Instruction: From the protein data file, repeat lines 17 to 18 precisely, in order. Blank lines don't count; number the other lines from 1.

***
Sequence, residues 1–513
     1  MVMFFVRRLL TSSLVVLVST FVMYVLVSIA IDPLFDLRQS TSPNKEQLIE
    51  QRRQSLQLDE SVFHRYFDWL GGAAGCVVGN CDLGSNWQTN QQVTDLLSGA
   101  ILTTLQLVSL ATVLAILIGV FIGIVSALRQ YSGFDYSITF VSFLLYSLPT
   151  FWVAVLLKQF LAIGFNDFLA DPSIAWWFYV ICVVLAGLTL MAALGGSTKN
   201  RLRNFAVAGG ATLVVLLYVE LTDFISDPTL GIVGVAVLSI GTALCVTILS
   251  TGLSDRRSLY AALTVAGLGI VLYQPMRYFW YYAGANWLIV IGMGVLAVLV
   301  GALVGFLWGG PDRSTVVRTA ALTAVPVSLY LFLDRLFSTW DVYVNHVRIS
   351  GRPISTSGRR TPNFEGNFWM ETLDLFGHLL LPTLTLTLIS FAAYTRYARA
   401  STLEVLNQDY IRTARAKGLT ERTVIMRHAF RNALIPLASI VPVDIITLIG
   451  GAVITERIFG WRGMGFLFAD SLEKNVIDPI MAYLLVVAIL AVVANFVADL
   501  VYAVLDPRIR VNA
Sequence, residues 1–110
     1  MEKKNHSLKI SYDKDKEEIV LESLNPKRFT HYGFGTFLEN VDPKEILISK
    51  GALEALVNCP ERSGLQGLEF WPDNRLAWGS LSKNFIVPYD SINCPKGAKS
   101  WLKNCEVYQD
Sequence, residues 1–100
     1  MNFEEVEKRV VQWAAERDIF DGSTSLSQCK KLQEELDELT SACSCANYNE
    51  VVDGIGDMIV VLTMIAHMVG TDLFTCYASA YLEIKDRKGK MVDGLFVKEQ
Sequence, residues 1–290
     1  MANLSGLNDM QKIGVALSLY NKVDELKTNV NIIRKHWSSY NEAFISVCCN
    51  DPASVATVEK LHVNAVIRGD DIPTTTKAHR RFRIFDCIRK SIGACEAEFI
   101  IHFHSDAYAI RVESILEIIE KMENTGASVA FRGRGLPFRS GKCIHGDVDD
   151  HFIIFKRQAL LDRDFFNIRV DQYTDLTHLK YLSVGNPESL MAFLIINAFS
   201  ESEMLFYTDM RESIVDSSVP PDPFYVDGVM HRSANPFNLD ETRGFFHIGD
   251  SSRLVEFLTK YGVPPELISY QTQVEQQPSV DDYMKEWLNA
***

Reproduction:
Sequence, residues 1–100
     1  MNFEEVEKRV VQWAAERDIF DGSTSLSQCK KLQEELDELT SACSCANYNE